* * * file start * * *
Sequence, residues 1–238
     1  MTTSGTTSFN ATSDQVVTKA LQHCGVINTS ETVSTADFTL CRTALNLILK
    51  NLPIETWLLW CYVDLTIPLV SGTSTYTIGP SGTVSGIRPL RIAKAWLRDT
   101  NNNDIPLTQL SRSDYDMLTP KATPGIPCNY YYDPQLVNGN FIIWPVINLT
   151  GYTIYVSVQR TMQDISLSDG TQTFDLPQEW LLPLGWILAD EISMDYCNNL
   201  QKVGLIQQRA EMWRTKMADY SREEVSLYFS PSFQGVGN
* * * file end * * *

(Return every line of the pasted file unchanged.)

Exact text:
Sequence, residues 1–238
     1  MTTSGTTSFN ATSDQVVTKA LQHCGVINTS ETVSTADFTL CRTALNLILK
    51  NLPIETWLLW CYVDLTIPLV SGTSTYTIGP SGTVSGIRPL RIAKAWLRDT
   101  NNNDIPLTQL SRSDYDMLTP KATPGIPCNY YYDPQLVNGN FIIWPVINLT
   151  GYTIYVSVQR TMQDISLSDG TQTFDLPQEW LLPLGWILAD EISMDYCNNL
   201  QKVGLIQQRA EMWRTKMADY SREEVSLYFS PSFQGVGN